Thursday, September 11, 2008

9/11: A Day I Won't Forget [part 1]

This is a journal entry I had written back in 2001, with the idea that someday, when I felt OK with returning to "that day" mentally, I would flesh it out and share it with you. Here is some of it:

Sonia had slept over her grandparent's house with Mason that night. I took the LIRR like I always do, and the ride was as uneventful as it usually was. I had gotten a 2-way message from Linda Dreeland complaining about someone not being able to access their QuickMail. Since I am usually the first one in, I told her I'd take a look at it once I got there.
I had accidentally left Sonia' Gap knapsack on the train on Friday. We were supposed to pick it up over the weekend, but the Lost and Found is closed those days.
Once I had gotten into Penn, I made a beeline for the Lost and Found. After 2 fretful days of wondering whether or not it had actually made it there or not, the guy behind the counter had me fill out a card.
Who would've thunk it? He actually READ the card, realized I wasn't talking about a Gap plastic shopping bag, but a Gap MESSENGER bag! He had it all along, and Sonia's stuff was safe inside it, and I felt relieved.
Bag in hand, I decided to take the A train instead of the C or E, because it skips 23rd street, and I was hoping maybe I’d run into Sonia on the subway, like we sometimes did on the way out of work...then I could surprise her by giving her bag back.
The A trains stopped coming; I tried to cross over to the C or E line, but my Metrocard wouldn't work. A bunch of us crossed over to the E, and of course, our Metrocards wouldn't let us in...the message on the little screen said, "Just Used" – grr!
After speaking with the token clerk,  I was finally let in through the gate. I caught the E train downtown, and it made all local stops to 14th street.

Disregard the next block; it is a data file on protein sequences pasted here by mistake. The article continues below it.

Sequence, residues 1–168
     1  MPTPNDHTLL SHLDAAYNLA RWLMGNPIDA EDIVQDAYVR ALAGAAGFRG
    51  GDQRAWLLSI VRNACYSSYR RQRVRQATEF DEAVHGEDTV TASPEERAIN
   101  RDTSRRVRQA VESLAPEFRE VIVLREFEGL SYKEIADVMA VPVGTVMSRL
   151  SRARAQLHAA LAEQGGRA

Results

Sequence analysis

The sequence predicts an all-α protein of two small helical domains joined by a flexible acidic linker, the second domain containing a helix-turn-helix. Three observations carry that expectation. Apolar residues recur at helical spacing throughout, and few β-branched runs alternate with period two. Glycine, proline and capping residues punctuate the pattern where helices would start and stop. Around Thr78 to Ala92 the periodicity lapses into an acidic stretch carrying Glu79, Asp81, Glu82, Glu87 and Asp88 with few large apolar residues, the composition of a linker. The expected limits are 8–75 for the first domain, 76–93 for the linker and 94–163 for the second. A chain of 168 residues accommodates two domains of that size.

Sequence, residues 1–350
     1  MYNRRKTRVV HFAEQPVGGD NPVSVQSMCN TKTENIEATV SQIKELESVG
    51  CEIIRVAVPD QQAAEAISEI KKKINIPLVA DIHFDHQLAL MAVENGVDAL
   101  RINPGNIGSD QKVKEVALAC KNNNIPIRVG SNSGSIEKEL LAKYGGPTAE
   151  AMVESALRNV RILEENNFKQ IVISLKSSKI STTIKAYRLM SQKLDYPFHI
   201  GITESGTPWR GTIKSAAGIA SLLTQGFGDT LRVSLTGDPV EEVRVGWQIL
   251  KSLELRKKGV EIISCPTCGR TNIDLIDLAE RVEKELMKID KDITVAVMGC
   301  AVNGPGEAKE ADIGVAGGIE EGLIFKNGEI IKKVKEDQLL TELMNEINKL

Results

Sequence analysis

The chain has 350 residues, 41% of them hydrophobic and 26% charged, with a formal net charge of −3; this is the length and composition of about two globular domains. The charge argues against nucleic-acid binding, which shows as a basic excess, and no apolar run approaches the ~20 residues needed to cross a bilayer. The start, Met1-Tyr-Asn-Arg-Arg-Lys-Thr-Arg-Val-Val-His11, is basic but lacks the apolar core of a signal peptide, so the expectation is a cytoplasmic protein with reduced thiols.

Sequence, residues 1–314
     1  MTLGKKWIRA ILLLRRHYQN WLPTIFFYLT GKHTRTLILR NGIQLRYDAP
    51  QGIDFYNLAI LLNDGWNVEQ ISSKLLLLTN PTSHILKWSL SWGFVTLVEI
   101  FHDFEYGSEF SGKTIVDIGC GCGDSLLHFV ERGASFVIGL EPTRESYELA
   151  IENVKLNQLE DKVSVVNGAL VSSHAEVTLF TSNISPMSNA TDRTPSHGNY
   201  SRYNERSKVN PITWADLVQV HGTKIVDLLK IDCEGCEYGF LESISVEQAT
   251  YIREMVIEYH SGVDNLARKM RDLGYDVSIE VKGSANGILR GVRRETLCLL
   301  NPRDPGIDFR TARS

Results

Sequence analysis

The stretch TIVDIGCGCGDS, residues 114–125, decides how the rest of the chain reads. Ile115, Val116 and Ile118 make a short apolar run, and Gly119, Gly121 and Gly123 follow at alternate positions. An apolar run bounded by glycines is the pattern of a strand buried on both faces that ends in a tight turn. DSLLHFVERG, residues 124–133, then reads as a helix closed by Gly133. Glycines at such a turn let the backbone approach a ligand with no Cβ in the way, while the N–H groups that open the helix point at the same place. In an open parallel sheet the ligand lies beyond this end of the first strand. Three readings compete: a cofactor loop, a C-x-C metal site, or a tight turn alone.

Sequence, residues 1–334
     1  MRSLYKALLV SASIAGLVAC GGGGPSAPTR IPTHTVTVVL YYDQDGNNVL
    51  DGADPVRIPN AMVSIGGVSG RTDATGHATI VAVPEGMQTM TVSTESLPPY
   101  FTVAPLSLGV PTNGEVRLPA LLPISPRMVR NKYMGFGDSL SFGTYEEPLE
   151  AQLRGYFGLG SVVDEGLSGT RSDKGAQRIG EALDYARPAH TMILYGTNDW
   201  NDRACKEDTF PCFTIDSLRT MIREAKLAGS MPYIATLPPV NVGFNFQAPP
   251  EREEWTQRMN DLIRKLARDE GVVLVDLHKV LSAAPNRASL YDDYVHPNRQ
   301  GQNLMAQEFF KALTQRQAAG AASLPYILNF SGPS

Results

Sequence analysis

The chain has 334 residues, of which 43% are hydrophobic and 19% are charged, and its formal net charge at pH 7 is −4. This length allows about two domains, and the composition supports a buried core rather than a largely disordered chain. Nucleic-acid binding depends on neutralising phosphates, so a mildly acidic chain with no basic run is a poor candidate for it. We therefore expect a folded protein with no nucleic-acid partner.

At the 14th street station, an announcement came on that we were held there by MTA supervisors, and that we’d be moving again in 5 minutes. What was supposed to be just a 5 minute wait turned into 10 minutes, 15 minutes, 20 minutes... we weren't moving at all, and I still had to get to work to check on Linda’s email.
Some of us had stepped out of the subway onto the platform for some air (it was an unusually warm September day and there was no A/C in my car). A few of us had gathered around the conductor’s opened window and were asking him questions. All he knew was that there was an "incident" at the World Trade Center. He didn't know anymore. I told a black couple, "at least I have a good excuse for being late" I was thinking of how it would look while walking down Spring Street, since I always would use the Twin Towers as my orientation beacon. You usually could spot them from anywhere in Manhattan.
A black guy listening to his Walkman spoke next: "A plane hit the Twin Towers!"
We had thought it was a small plane like a Piper Cub or Cessna. I thought of the B-25 that had run into the Empire State Building in a fog. This was a clear day, however. How could you miss the biggest buildings in Manhattan?
A young guy came over next: "Two...two planes hit the Towers...they also hit the Pentagon" 

No comments:

Post a Comment

Note: Only a member of this blog may post a comment.